A man is but a product of his dreams. What he dreams he becomes.
Dreams and dreamers go way back…I mean waaaaaaaaay back. Even a few steps further…all the way to the first prophets, even back as far as the caveman days. Anthropologists have encoded cave drawings to be communication about what was literally happening in cave dweller’s lives, as well as future events and visions from their dreams. In fact, research shows that even our Neanderthal brothers and sisters dreamed about what they were grappling with in their waking lives. While our Fred and Wilma Flintstone might have dreamed of being chased by a slobbering tyrannosaurus rex, today we might dream about getting chased from our homes by a sinister lending institution.
All of us have a family bloodline that trace back to specific mythologies, folklore, and traditions…including dreaming traditions. It is a wonderful thing to understand your family’s dream mythology…so that you can keep what you want, and let of what you don’t.
Our Egyptian great-grandmothers and grandfathers dating back to 1279 BC to the early reign of Ramesses II were great believers in the power and influence of dreams. Ancient Egyptians believed each dream was an oracle revealed to them by their gods.
The ancient Greeks were known for their special Aesculapian dream temples in which people would visit and have transformational experiences.
I’ve always felt a strong pull toward the shamanic traditions that teach the dream world may be more real than the world of our consensus reality. They believe, as do I, that when you are asleep, you are in the most vulnerable, suggestible state of being that you are in all day. This is magic time, when your mind’s power is truly accessible. The guards at the gate (i.e. your ego and inner critic) are asleep, leaving access to your most valuable asset…your subconscious (dreaming) mind. When we fall asleep, we slip through the cracks of the waking world, where our worldly desires and limitations run the show, and we connect to the world of the soul, where our consciousness is expanded and we fly free and explore our unlimited possibilities. Because of this many aboriginal dreaming tribes held as their only ambition to become a strong dreamer—to make sure that all their actions taken by day are done with the single purpose to ensure the best dreaming state possible.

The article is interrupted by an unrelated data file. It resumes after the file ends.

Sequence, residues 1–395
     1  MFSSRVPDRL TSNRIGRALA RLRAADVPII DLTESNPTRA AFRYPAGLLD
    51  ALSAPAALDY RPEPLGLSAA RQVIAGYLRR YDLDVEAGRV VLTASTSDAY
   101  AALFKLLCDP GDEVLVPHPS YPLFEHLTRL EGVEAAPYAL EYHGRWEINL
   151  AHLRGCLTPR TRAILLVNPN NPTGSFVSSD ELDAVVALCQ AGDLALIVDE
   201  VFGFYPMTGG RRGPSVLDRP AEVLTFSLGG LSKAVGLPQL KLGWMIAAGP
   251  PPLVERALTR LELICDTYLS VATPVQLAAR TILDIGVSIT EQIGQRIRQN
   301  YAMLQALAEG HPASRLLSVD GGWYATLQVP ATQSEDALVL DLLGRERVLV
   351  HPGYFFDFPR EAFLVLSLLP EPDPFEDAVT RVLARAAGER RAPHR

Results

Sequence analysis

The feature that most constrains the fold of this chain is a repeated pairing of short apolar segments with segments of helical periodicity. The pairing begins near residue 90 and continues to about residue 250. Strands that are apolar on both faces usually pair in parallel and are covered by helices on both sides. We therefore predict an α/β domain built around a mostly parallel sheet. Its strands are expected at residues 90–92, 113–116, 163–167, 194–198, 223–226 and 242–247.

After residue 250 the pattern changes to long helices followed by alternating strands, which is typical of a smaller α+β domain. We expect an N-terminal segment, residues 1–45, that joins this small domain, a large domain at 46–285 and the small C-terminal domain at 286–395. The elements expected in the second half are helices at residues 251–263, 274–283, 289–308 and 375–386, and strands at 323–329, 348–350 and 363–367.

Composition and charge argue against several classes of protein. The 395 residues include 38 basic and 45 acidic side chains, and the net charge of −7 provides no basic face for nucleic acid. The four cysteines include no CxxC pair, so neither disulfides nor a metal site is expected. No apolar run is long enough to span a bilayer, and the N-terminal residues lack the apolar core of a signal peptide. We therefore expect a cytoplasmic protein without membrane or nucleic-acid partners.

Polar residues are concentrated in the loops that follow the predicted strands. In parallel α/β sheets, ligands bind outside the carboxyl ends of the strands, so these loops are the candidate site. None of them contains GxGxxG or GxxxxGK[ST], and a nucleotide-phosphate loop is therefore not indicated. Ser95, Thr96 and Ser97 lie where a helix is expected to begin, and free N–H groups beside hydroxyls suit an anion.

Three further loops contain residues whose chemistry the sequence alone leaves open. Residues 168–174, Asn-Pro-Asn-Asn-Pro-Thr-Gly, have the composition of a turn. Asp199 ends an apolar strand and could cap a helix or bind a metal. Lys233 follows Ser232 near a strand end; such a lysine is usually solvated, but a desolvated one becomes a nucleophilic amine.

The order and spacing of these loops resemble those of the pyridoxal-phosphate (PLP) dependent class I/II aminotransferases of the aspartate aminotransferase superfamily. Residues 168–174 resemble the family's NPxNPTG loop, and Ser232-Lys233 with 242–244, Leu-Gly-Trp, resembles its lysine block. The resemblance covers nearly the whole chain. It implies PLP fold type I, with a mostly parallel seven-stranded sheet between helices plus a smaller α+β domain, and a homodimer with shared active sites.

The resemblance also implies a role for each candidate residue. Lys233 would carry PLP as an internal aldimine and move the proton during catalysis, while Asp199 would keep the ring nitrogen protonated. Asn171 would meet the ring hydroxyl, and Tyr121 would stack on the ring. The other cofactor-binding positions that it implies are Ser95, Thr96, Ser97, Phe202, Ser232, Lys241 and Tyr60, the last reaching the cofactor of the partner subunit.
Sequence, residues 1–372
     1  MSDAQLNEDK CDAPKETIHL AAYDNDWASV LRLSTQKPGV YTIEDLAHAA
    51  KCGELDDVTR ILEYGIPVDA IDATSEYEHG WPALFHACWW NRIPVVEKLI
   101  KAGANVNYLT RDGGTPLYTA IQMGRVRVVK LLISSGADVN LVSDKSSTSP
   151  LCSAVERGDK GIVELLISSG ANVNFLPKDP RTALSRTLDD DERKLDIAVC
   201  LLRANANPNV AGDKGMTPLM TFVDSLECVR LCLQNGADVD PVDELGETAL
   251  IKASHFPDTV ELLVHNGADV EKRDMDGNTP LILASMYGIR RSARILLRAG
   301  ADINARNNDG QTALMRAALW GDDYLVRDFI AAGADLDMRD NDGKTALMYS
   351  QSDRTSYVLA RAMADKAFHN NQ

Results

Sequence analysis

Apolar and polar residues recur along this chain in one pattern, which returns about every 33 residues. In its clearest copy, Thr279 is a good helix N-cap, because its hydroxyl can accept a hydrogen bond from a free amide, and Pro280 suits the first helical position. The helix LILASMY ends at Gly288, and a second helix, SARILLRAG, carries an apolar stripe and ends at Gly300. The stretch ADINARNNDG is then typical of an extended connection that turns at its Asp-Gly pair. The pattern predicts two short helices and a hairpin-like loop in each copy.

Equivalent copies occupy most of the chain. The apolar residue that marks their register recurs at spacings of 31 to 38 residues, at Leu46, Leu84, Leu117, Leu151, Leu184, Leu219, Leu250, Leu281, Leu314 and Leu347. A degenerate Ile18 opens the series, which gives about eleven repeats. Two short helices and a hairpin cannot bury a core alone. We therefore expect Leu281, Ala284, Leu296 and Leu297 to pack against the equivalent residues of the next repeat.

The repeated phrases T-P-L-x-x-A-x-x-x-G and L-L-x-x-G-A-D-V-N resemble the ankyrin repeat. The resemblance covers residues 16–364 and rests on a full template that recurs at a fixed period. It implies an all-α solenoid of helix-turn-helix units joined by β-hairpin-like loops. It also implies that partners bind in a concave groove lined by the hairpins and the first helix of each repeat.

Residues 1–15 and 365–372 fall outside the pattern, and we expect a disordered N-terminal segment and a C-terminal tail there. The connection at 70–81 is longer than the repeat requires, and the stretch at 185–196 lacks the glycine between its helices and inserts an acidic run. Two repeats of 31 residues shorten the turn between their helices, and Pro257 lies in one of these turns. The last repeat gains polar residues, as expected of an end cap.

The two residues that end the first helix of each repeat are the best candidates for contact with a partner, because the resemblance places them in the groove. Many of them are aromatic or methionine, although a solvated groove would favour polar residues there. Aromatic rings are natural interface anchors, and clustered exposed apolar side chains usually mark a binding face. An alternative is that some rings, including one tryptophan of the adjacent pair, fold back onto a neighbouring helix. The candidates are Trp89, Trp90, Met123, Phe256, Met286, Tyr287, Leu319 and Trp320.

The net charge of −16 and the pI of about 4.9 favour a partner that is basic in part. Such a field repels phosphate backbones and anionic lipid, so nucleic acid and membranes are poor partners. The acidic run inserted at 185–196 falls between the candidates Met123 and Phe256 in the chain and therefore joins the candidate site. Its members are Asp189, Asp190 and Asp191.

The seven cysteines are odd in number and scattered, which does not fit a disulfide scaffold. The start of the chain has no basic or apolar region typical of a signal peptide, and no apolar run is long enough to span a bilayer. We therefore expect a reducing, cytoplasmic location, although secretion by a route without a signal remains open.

The Senoi are a long ago dreaming culture that I have a particular resonance with. The Senoi were a dreaming culture from the highlands of Malaysia. Their dreamwork is all about gaining the positive benefits even from dreams that appear to be negative, to maximize pleasure and empowerment for the self and the tribe. The Jungian-Senoi Institute in Berkeley were quoted it in the early 1980s as saying, “Senoi dreamwork emphasizes the deliberate alteration of dream states, the resolution in dreams of problems encountered in waking consciousness, dream ‘rehearsal’ for activity while awake, and the application of dreams to creative individual and community projects.” The new theory sees dreams and even nightmares as an open and positive phenomenon, which can be shared and shaped for maximum human development.We are multi-dimensional beings that, according to the American Hypnosis Association, inhabit only 12 percent of our mental and spiritual genius and potential. This is because we’ve made the third dimension king. I believe 100% of who you are—all your power, all your talent, all your experience, all of your capacities, and all your potentialities—is king—or queen, as the case may be. And this limitless wealth is worth exploring. Don’t you agree?
1. Can you identify what some of your cultural or religious beliefs, superstitions, mythologies or ideas are about dreams and dream interpretation?
2. Which of those dream beliefs do you choose to keep?
3. Which dream beliefs would you prefer to discard?
4. Describe a dream you personally had, or one that was shared with you that would be considered a “collective dream”—one in which benefits the larger family of humanity.
5. How do you feel about the idea, “You don’t have complete ownership of your dream…in that it is meant to be shared with those who would benefit from it?
6. Describe your feelings or thoughts about the saying, “As one is lifted, all are lifted.”
7. We are multi-dimensional beings that, according to the American Hypnosis Association, inhabit only 12 percent of our mental and spiritual genius and potential. This is because we’ve made the third dimension king. I believe 100% of who you are—all your power, all your talent, all your experience, all of your capacities, and all your potentialities—is king (or queen, as the case may be.) What are your feelings or thoughts about this?
8. Have you ever had a “compassion dream,” whereby you experience a point of view completely different than your own? Describe it here:
Logic will get you from A to B. Imagination will take you everywhere.